Muscat was a whole lot more satisfying, partly because Oman is so beautiful and partly because the place oozes history and tradition rather than office towers and consumerism. My balcony cabin looked across the harbour to the old city, a cluster of whitewashed, low-rise buildings ringed by terracotta mountains, the elegant, palm-lined Corniche (the waterfront) forming a wide sweep between two craggy headlands and guarded by ancient forts. Omani ruler Sultan Qaboos' megayacht was moored close by, bigger than some small cruise ships I've sailed on. A lot of people had booked private tours online before leaving for the cruise; one group had arranged their car and driver having met up on the Cruise Critic message boards and done some research online. As well as saving money, you also get a much more in-depth visit on a private tour. But I wanted to explore the stark beauty of the countryside before tackling the city and had booked another 4x4 tour through Royal Caribbean -- this time skimming the coast and then cutting deep into the mountains, off road, driving up stony wadis (vast, dried up river beds) past tiny, almost inaccessible hamlets that nestled in the shade of vast cliffs. The drivers were chatty and amusing; mine, Mohammed, had a curious obsession with Tina Turner, so information on Oman was interspersed with gossip about Tina and her fabulousness. Because it was winter, some of the wadis had water in them. We stopped for a picnic of kebabs, hummous and spicy samosas by a deep, aquamarine lake, in which I had a long, cooling swim, Tina Turner's ‘Simply the Best' echoing off the rock faces at full volume from the jeep's stereo. It's hard to imagine that all that water disappears in the summer, when the wadi becomes a barren, inhospitable, sun-baked place. Back at the ship, having showered off the dust, we took the free shuttle to the port gates and walked to the souk (the market), where mainly agreeable night time smells wafted through the warm air: grilling kebabs and incense wafting from the labyrinth of stalls, mingling with only a hint of drain. I bought a large pot of saffron, some frankincense oil to burn and a silk pashmina from a treasure trove of inlaid chests, silver daggers, great mounds of dried fruits and elaborate jewellery. Shopping in the souks in Oman is a pleasure; the people have a quiet dignity and haggling is gentle rather than boisterous and unseemly. The call to prayer woke me the following morning, the Omani weekend, echoing across the harbour as the white-turreted houses on the mountainside glowed pink in the sunrise. I took a city tour, the highlight of which was the Grand Mosque, simply breathtaking in its vastness and riches. Some 20,000 worshippers can be accommodated in the huge, marble-clad structure, assembled under the sparkling lights of a Swarovski crystal chandelier powered by 1,740 light bulbs as they kneel on the second biggest carpet in the world, intricately hand-woven in Iran. In the Gulf, only the mosque in Abu Dhabi is bigger. Later, I wandered along the Corniche, gazing at the ornate wooden dhows (old fishing boats) bobbing on the water and watching Omani families out strolling, the men tall and regal in their floor-length white dish-dashas. Belly dancing and belly flops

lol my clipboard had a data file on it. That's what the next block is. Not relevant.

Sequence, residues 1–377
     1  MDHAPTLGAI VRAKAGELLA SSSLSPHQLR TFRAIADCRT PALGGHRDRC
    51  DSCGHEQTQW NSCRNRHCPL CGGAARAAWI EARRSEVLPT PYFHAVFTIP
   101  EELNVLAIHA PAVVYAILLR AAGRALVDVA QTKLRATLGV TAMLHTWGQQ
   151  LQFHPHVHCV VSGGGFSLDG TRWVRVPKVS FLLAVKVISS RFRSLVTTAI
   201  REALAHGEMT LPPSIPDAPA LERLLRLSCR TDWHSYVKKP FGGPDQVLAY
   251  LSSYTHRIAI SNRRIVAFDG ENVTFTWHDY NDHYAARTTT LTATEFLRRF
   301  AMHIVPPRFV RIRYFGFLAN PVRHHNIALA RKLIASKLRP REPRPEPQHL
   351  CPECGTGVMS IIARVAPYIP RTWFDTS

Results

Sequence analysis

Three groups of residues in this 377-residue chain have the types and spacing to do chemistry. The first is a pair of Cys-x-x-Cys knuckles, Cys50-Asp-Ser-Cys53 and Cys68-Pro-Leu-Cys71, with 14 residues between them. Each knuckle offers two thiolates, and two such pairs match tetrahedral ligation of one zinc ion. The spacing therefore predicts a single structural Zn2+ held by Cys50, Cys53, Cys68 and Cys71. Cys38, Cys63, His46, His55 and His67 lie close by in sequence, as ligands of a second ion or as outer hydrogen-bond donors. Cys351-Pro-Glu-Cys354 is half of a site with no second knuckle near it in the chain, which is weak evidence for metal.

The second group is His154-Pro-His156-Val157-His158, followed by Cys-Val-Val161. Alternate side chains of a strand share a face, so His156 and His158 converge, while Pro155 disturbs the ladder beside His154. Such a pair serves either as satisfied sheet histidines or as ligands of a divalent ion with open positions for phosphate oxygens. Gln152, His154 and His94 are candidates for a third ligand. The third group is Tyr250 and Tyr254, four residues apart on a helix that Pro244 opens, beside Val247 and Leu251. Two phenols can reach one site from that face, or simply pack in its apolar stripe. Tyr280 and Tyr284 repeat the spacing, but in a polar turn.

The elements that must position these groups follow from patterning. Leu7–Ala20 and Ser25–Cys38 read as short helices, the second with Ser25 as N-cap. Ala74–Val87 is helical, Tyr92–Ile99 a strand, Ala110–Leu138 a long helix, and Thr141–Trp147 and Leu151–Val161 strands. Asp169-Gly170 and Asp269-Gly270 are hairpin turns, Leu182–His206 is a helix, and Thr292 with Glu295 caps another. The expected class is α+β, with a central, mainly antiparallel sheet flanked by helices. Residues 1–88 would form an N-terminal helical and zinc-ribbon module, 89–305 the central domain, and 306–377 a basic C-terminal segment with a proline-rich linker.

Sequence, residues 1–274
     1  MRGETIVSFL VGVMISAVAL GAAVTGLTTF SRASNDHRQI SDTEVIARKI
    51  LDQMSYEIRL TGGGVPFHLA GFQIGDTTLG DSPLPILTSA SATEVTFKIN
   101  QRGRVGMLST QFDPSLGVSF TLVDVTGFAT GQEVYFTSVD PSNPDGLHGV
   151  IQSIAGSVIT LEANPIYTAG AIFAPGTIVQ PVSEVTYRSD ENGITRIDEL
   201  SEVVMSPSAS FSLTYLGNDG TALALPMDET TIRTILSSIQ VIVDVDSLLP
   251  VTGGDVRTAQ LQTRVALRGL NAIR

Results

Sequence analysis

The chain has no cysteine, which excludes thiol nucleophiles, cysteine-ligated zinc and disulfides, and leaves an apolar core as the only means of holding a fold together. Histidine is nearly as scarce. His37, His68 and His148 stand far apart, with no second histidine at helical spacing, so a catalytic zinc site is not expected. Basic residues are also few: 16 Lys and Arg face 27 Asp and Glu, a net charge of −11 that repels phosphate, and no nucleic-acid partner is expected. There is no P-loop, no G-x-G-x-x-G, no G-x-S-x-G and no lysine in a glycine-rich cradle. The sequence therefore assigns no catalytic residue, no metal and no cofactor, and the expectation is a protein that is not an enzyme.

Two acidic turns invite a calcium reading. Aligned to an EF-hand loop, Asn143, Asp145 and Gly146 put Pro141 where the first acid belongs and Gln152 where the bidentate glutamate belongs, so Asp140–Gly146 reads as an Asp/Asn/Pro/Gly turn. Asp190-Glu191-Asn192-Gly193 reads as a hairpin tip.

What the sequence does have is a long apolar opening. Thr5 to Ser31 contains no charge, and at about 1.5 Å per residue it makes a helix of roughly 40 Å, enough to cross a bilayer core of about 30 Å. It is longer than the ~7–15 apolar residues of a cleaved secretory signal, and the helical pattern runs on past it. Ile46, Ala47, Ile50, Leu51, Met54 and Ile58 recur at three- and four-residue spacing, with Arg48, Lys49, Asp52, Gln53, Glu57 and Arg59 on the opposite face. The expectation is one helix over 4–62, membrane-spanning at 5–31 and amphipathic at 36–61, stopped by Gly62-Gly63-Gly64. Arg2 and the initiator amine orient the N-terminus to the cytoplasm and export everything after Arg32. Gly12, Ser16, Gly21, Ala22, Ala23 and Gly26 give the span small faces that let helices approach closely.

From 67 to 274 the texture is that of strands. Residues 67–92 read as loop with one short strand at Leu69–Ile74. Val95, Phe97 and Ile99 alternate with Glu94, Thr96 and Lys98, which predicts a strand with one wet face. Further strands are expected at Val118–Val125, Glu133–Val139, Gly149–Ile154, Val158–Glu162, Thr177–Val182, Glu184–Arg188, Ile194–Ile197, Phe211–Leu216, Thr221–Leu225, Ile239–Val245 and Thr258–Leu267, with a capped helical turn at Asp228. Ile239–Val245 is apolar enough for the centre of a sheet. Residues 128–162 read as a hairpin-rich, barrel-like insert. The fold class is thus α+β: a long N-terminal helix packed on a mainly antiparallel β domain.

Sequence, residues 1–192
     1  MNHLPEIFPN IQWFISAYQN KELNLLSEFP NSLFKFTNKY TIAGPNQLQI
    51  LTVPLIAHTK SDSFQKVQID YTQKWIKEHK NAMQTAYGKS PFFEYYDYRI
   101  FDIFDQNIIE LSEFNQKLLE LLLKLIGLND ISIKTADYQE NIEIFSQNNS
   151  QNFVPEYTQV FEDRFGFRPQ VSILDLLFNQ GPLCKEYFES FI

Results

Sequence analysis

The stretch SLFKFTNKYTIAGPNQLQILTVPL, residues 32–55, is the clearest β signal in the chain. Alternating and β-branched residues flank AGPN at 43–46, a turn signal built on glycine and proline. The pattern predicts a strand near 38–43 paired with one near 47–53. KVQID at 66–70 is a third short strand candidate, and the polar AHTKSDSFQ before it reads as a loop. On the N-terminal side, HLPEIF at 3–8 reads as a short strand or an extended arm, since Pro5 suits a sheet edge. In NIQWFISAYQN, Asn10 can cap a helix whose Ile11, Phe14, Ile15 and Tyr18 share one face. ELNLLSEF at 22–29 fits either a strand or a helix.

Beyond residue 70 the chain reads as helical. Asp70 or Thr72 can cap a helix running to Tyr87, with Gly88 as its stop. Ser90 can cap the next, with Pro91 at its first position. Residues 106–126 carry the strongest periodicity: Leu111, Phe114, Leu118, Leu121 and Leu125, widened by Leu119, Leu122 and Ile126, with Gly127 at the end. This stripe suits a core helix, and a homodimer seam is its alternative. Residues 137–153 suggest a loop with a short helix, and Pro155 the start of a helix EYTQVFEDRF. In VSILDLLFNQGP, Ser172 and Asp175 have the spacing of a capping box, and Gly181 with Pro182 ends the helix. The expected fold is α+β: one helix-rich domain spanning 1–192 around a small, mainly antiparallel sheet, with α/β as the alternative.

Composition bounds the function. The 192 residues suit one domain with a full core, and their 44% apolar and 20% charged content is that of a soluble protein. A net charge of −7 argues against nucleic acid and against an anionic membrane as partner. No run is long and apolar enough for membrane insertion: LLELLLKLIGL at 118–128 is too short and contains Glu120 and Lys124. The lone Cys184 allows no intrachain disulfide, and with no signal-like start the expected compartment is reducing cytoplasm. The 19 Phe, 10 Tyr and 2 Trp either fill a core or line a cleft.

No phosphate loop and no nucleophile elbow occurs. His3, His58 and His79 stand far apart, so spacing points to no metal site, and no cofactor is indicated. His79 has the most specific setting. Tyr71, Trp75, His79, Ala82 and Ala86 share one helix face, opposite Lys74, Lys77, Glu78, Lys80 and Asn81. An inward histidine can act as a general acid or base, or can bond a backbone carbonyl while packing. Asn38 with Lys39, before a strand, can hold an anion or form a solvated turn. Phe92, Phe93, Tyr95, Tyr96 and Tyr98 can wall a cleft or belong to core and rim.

The itinerary includes a day at sea and finally, a chance to explore the ship. I joined a belly dancing class, as there wasn't really anything else that actually related to our destination, and had a lot of fun learning The Camel and The Snake. A much bigger crowd was later attracted to the International Belly Flop contest around the pool, where there was a party atmosphere as grown men performed painful-looking flops into the water, to the cheers of the onlookers. Although parts of the Gulf, particularly Dubai, sell themselves on the basis of sun and shopping, there seemed very little connection on this cruise to the region's wider culture. I was longing for a taste of Middle Eastern mezze or even, heaven forbid, some kind of Arabian Nights theme party, but the only variation in the cuisine was noodles and dumplings in the casual Windjammer Café for the Chinese guests, who had a big Chinese New Year party on board. It all seemed so out of context with the mountains, the medieval forts, the oil wealth, the deserts and the ancient rituals of the Bedouin that we touched on during the tours. There was, however, nearly a brush with the locals on the sea day; the captain told me that we'd been cruising only 35 miles off the coast of Iran when he'd received a distress call from a sinking Iranian fishing boat. Another vessel got there first but if it hadn't, we'd have had a detour few would have bargained for. It's amazing how quickly a day at sea goes, though. I had a very pleasant facial in the ship's spa; sat in Latte-tudes, my favourite daytime watering hole, drinking a top-notch latte with a double shot and checking my email; watched people trying out the climbing wall; laughed at the belly floppers; read my book for a while on my balcony; and hey presto, it was cocktail hour. Such is the decadence of cruising. My companions and I developed a slightly unconventional evening routine on Brilliance. We always met for drinks in the Starquest Disco, which was usually empty before dinner, but I liked the sweeping views of the sea and pool deck from up there. We preferred the speciality restaurants to the main dining room because the food was so much better, especially the steaks and fish in Chops Grille, and we like to take a long time over a meal. Of course, the upshot of this is that we were too late for a lot of the shows, but a nightcap in the Champagne Bar, listening to the strains of the band drifting up from the atrium below, was a pleasant way to finish every evening. As a result, though, we didn't really mingle much with the other guests. So it was with excitement that I opened the invitation for the Virgin Holidays Rock Star party in the Colony Club lounge. Curious, and keen to meet fellow cruisers, I went along, ready to make friends. Sure enough, the party was full, with waiters serving fizz, which we won't pretend was real champagne. But nobody was really mingling, as such; just eating. Trays of canapés were positioned around the room and despite the abundance of free food on the ship, people fell on them like vultures, hoovering up entire trays in one go. I saw one man actually pick up a tray and sweep all the canapés onto a plate with his hand. I stayed away from the food after that. Although the party was a nice idea, there were no speeches, and no real point to the event. Castles in the Sand